A People’s Tragedy by Orlando Figes.
Russia 120 years ago was, for most of its in habitants, a horrible place to live. But that’s the view from here. From inside, it was just how things were. This is the story of how that inevitability was challenged, and how it fell. The central, though hollow, figure is the Tsar. Every opportunity for compromise was rejected by a man incapable of being an autocrat. He would have made an ideal constitutional monarch, since he was an indolent vacillator, but instead he demanded absolute obedience and then failed to lead.
Great events are, I’ve often thought, like a bomb and a fuse. Even when great historical forces have created the situation where change is looming, still a fuse needs to be lit. With a firmer Tsar on the throne the revolution would still have come, but later. With a Tsar who was wise enough to compromise because he could see that the telegraph and the written word and the advances occurring elsewhere in the world meant that the old way could not survive, it may not have had to happen at all. The bomb could have been defused. Instead a decade of fighting lead to 70 years of Soviet Russia and its tens of millions of victims and eye-watering brutality. I’ve read several times, though I can’t recall where, that even Russians will admit it takes a dictator to run the country, be it the Tsar, Stalin or Putin.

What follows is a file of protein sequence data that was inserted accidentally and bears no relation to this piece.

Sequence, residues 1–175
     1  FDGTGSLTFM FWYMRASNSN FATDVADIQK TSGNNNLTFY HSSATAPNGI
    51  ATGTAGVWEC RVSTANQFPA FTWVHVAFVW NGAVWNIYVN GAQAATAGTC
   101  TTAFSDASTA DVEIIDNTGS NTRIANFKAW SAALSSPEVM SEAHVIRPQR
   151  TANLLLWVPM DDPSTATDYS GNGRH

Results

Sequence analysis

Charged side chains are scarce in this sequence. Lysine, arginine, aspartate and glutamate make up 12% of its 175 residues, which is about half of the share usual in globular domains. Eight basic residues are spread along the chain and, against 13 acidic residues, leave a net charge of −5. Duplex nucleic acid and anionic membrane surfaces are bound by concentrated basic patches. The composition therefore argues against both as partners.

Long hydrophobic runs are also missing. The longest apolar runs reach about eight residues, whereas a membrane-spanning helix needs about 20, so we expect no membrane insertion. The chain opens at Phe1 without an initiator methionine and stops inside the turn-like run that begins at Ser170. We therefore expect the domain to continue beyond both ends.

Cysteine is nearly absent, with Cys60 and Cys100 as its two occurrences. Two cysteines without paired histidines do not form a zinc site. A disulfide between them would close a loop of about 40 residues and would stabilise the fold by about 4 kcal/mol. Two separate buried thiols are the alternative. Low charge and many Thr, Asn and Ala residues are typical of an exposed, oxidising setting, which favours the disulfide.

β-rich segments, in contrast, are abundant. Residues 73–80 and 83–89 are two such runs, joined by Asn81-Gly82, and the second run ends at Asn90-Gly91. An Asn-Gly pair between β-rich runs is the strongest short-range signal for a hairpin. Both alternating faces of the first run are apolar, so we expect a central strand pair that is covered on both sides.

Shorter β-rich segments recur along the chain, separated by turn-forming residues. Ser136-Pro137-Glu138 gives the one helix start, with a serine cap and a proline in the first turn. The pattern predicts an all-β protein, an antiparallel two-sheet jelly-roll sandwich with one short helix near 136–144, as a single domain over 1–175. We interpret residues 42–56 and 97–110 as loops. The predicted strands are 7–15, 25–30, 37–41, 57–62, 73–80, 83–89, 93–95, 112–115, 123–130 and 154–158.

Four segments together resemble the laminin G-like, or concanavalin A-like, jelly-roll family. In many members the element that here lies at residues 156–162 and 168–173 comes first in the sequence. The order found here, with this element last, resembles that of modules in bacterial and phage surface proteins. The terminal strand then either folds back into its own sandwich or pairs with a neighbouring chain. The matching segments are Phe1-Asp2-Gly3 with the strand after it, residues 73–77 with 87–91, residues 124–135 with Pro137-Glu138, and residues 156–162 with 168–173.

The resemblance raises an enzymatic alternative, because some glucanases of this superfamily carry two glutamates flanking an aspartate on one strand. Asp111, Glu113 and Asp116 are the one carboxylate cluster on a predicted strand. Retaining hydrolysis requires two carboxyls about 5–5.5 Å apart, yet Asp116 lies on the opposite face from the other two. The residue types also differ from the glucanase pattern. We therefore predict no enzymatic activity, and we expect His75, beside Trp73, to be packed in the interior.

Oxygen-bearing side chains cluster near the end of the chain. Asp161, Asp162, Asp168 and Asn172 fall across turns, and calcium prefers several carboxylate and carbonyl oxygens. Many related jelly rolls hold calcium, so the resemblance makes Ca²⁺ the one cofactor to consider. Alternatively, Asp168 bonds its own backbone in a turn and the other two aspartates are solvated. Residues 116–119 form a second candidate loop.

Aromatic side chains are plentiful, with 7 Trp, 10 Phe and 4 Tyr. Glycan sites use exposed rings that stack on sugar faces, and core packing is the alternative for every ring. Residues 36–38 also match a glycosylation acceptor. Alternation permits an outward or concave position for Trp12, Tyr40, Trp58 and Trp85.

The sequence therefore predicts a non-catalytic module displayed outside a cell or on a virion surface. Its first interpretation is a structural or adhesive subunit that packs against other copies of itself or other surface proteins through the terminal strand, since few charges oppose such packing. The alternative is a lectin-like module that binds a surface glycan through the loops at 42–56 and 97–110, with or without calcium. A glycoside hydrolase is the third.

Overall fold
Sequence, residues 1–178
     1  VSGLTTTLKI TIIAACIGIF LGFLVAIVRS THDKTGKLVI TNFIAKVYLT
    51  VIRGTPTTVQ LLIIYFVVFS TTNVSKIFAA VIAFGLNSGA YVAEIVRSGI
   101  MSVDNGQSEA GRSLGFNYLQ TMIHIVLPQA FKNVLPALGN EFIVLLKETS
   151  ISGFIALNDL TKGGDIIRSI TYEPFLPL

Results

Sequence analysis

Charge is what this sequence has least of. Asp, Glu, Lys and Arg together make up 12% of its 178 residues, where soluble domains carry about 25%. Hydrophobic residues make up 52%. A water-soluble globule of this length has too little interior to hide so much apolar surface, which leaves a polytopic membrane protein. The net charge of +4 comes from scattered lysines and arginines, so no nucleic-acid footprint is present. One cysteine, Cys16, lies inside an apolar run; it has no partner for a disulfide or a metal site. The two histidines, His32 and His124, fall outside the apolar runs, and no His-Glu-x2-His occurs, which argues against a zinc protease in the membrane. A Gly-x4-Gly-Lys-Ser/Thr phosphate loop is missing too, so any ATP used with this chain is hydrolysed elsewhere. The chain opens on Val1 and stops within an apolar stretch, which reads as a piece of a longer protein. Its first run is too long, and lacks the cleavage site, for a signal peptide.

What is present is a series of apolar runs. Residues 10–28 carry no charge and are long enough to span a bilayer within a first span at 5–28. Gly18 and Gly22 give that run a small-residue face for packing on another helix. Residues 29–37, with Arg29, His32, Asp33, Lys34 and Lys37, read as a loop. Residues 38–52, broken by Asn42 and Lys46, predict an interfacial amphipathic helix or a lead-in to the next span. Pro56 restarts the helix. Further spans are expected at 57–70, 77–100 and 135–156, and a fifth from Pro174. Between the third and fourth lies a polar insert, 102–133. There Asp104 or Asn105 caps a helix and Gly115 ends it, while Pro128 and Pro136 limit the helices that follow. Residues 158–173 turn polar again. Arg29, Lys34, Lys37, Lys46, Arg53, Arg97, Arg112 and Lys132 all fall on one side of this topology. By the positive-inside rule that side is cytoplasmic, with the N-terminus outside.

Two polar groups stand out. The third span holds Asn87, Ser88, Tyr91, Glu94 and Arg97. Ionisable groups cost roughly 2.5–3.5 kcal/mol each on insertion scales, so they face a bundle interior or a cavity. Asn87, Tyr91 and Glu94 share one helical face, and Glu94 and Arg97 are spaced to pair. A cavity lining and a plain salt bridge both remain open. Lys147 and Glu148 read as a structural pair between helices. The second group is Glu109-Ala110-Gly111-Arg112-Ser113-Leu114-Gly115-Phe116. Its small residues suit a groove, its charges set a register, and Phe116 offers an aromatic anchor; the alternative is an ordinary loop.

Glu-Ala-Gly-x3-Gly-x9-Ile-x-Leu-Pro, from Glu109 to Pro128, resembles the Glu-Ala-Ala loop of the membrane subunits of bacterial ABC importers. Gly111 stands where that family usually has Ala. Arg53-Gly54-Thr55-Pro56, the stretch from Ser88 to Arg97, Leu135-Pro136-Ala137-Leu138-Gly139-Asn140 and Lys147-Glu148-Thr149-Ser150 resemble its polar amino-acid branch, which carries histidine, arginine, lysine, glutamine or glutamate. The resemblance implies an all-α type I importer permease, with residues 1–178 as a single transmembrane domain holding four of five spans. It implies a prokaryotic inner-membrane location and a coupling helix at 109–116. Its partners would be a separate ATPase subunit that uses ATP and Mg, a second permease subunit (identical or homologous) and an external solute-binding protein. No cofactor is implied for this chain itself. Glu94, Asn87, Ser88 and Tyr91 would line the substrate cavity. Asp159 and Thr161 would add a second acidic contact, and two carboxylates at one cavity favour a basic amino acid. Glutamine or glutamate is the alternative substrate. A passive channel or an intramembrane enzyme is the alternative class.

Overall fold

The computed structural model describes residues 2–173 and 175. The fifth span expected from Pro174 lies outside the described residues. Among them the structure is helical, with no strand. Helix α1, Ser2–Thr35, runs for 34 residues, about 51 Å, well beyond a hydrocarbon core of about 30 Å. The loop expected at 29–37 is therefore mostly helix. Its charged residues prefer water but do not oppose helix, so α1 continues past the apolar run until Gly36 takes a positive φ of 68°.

The book talks about a kind of ‘darkness’ in the peasant. A will to anarchy, and an intergenerational brutality handed down by husbands to brutalised wives and children. Here’s some advice:
Hit your wife with the butt of the axe, get down and see if she’s breathing. If she is, she’s shamming and wants some more.
The more you beat the old woman, the tastier the soup will be.
Life was cheap, and the only rewards came in heaven.
This book is a remarkable achievement. Deep, wide, beginning many years before 1917 — which, though venerated, is only one part of the story — and ending with the death of Lenin, it covers society, polity, military aspects of the many struggles that went on.